Please Note: This article is written for users of the following Microsoft Excel versions: 2007, 2010, 2013, and 2016. If you are using an earlier version (Excel 2003 or earlier), this tip may not work for you. For a version of this tip written specifically for earlier versions of Excel, click here: Selecting Columns in VBA when Cells are Merged.
by Allen Wyatt
(last updated September 17, 2020)
Say you have a blank worksheet and the range A1:F1 has the "merge and center" format applied to it. If you select column B by clicking the column heading, Excel dutifully selects column B and makes cell B2 the active cell. This behavior was modified in either Excel 2000 or Excel 2002; in previous versions of Excel you get the merged cell (A1:F1) included in the selection.
Apparently VBA trails somewhat behind the behavior of the user interface, as selecting the entire column B also ends up selecting all the columns, A through F:
Sub TestMacro1() Range("B3").EntireColumn.Select End Sub
There seems to be no way around this behavior. Even if you eliminate the EntireColumn method and simply select column B, you still get all the columns, A through F:
Sub TestMacro2() Range("B:B").Select End Sub
It is probably a better programming approach to not select the column preparatory to doing some action upon that column, but to do the action directly. For instance, let's assume that you want to make all of the cells in column B bold. You can do so in this manner:
Sub TestMacro3() Range("B3").EntireColumn.Font.Bold = True End Sub
This affects only the cells in column B, and nothing in A or C through F. You could similarly use an iterative approach to processing the cells in the desired column:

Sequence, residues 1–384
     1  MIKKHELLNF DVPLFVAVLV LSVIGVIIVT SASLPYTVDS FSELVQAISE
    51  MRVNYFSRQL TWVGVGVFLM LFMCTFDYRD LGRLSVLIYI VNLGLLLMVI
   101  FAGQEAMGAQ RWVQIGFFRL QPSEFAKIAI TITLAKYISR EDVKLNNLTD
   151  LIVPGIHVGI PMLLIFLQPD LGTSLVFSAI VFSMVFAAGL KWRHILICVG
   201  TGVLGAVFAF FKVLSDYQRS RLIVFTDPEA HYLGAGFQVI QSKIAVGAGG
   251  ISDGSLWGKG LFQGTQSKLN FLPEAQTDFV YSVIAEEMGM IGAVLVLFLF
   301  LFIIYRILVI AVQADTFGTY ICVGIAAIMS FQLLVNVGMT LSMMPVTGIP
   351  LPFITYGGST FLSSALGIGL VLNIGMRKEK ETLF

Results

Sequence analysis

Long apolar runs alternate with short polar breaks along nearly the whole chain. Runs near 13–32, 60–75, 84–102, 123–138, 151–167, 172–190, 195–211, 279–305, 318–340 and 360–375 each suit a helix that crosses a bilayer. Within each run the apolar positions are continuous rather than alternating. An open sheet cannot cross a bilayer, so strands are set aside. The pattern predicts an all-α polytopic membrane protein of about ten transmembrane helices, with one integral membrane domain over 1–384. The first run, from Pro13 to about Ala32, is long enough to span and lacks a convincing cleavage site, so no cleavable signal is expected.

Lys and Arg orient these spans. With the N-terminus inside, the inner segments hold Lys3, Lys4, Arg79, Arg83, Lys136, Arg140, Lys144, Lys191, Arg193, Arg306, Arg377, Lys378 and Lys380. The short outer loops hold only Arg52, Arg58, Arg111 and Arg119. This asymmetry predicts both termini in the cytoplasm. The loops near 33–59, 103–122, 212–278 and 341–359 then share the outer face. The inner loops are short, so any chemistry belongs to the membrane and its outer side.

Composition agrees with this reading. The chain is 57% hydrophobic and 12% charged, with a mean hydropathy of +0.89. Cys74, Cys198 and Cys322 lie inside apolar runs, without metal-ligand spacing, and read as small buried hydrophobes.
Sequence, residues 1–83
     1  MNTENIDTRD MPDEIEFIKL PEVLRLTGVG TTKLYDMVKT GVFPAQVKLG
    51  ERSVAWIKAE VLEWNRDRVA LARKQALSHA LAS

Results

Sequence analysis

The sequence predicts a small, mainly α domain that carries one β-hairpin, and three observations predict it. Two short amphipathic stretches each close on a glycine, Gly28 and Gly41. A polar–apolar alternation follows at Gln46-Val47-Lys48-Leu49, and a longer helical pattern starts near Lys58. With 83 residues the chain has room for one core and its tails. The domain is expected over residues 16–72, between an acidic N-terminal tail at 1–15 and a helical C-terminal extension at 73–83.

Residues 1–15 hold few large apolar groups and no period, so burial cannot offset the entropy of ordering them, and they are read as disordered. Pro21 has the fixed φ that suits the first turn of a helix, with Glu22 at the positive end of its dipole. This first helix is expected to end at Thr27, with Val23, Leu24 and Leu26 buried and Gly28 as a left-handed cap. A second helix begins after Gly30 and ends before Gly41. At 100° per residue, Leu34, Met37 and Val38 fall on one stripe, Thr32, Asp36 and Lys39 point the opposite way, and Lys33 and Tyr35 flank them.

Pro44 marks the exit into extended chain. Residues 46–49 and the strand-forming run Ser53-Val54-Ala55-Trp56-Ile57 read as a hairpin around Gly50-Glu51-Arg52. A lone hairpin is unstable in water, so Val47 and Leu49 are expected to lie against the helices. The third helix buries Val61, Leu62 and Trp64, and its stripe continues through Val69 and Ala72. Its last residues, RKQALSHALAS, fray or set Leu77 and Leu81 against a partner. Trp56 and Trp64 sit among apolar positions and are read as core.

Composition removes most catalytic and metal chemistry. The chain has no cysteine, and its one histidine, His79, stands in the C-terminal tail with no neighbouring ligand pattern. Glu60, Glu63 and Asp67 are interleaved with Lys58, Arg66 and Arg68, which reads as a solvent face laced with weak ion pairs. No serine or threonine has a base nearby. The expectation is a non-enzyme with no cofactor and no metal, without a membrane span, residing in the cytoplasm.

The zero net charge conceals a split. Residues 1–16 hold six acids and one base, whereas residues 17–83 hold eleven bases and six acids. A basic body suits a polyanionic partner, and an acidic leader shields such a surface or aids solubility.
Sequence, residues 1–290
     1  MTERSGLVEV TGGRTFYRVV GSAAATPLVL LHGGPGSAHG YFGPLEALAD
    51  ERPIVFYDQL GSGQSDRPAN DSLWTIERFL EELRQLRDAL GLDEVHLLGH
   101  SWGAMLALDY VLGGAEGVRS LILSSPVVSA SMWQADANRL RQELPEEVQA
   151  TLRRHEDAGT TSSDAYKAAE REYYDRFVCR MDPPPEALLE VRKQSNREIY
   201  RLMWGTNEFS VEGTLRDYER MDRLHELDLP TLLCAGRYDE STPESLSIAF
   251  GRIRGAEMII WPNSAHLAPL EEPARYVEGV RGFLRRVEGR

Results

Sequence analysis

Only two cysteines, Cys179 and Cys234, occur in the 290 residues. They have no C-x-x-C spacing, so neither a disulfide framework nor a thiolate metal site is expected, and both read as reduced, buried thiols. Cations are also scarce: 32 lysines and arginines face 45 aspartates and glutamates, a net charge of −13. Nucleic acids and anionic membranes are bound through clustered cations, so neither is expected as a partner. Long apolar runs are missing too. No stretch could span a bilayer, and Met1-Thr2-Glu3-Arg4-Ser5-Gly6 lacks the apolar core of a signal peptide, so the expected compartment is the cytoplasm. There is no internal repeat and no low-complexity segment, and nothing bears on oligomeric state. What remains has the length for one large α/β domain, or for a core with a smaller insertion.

Sub TestMacro4() Dim rCell As Range Dim X As Long X = 1 For Each rCell In Range("B:B") rCell.Value = X X = X + 1 Next End Sub
This stuffs a value into each cell in column B, and conveniently ignores any merges that include a cell in column B.
If it is mandatory that you be able to select an entire column, without any columns added because of merged cells, then you may be tempted to use the MergeCells property to check for the merged cells. According to the VBA online help, the following should detect the merged cells in the selection and then dump out of the macro:
Sub TestMacro5() Range("B3").EntireColumn.Select If Selection.MergeCells Then Exit Sub End If ' ' Perform rest of macro ' End Sub
Unfortunately, testing shows that this code will not work. The MergeCells property apparently only returns True if the entire selection is made up of merged cells, not if the selection only contains a few merged cells. That means that you are left to some other way to determine if merged cells have modified the intended selection, such as the following:
Sub TestMacro6() Range("B3").EntireColumn.Select If Selection.Columns.Count > 1 Then Exit Sub End If ' ' Perform rest of macro ' End Sub
This approach examines the number of columns in the selection, and then dumps out if Excel reports that there is more than one.
ExcelTips is your source for cost-effective Microsoft Excel training. This tip (12218) applies to Microsoft Excel 2007, 2010, 2013, and 2016. You can find a version of this tip for the older menu interface of Excel here: Selecting Columns in VBA when Cells are Merged.
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